Five Trillion Dollars! Doomed US Pensions' Shortfall Now The Size Of Japan's Economy

Scores of public pensions across the United States are so massively underfunded that the shortfall is roughly equal to Japan's GDP - the world's third-largest economy, according to Moody's Investors Service.

State and local pension plans in the U.S. now have less than three- quarters of the money they need to meet their promised payouts, their lowest level since at least 2001, according to Public Plans Database figures weighted by plan size. In dollar terms the hole for state and local pensions is now $5 trillion, according to Moody’s Investors Service. -WSJ

If governments don't increase taxes, convince pensioners to take less than they were promised or divert funds from elsewhere, an increasing number of funds face insolvency, reports the Wall Street Journal

In Kentucky, for example, a major pension for state employees had around 16% of what it needs to fulfill its obligations based on 2017 fiscal year figures, according to the Public Plans database which tracks state and local pension funds. A Chicago municipal employee fund had less than 30% of what it needed during the same fiscal year, while New Jersey's state pension is so underfunded it faces insolvency in 12 years according to a Pew Charitable Trusts Study.

For an example of what happens when a pension hits a brick wall, look no further than Central Falls, Rhode Island - a city of 19,359 which was forced to cut monthly checks to retired police and firefighters by as much as 55% as the entire town tried to stave off bankruptcy. Alas, the town still filed in 2011 - and while its financial situation has improved, retired city employees aren't getting their full pensions back.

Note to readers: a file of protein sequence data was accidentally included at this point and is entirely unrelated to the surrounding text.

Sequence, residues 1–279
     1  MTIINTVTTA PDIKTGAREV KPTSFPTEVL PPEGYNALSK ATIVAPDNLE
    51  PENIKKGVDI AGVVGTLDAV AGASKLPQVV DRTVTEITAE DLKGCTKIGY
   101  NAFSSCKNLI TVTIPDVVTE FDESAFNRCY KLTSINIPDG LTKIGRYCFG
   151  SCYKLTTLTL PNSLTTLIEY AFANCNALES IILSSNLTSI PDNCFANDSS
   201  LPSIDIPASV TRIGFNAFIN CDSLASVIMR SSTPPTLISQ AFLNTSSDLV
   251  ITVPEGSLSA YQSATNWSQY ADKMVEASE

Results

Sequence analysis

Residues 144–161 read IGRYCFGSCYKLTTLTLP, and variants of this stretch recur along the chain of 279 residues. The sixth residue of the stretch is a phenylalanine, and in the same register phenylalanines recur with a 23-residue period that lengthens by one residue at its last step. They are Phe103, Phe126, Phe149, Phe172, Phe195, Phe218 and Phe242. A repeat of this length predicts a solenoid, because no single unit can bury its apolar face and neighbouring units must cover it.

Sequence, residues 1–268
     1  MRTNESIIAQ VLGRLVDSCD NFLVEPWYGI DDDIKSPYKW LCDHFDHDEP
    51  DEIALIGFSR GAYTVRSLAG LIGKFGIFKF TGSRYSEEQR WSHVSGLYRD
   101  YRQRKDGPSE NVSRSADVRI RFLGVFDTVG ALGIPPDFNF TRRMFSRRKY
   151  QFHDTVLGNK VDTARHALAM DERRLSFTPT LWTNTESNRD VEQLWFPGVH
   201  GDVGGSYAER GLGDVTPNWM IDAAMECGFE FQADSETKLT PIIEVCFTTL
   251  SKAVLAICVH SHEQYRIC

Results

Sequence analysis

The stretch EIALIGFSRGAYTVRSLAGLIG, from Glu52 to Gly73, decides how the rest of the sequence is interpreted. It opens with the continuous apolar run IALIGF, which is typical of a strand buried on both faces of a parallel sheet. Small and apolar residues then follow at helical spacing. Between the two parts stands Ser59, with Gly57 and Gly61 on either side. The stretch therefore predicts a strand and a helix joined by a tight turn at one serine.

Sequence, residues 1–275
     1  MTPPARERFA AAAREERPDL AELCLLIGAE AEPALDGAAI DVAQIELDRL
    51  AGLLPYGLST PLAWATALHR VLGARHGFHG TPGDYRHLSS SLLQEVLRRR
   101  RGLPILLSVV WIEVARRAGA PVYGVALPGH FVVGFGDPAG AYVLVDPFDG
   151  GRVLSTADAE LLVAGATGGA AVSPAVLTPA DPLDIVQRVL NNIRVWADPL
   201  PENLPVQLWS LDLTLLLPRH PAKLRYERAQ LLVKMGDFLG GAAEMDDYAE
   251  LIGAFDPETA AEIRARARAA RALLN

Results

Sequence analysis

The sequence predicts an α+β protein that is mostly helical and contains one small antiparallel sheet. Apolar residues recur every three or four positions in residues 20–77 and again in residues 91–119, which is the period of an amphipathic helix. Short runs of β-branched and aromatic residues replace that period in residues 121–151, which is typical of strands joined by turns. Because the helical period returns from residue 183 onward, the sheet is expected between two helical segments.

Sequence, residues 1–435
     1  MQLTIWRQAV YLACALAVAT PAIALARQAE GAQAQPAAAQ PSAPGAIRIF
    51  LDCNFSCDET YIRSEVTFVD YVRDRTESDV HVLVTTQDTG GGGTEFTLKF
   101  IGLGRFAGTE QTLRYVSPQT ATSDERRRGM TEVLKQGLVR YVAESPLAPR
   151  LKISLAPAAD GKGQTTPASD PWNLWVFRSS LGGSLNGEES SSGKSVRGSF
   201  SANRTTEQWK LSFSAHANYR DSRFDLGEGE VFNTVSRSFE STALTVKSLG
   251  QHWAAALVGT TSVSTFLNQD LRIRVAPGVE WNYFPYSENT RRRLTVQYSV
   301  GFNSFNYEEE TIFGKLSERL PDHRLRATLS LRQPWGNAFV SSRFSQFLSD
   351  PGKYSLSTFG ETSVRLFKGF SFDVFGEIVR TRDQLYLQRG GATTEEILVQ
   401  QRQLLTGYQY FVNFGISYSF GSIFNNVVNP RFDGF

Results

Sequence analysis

Paul Grenon

“It’s not only a financial thing,” said 73-year-old retired Central Falls firefighter Paul Grenon, who retired after a falling wall punctured his lung, broke his back and five ribs, and left him unable to perform basic tasks required for the job like climbing ladders. “It really gets you sick mentally and physically to go through something like this. It’s a betrayal, as far as I’m concerned.

After the 2011 bankruptcy, an event that received national attention amid predictions of widespread municipal failures, retirees agreed to 55% cuts because they feared facing even deeper cuts later.


The concessions helped Central Falls emerge from bankruptcy in 2012 and create a “rainy day fund” that now holds $2 million.


Mr. Grenon, the firefighter who retired after he was injured, says the pension reduction left him without enough money each month to cover a $300 prescription lung medication. He has medical coverage but said the medication is beyond what is covered. -WSJ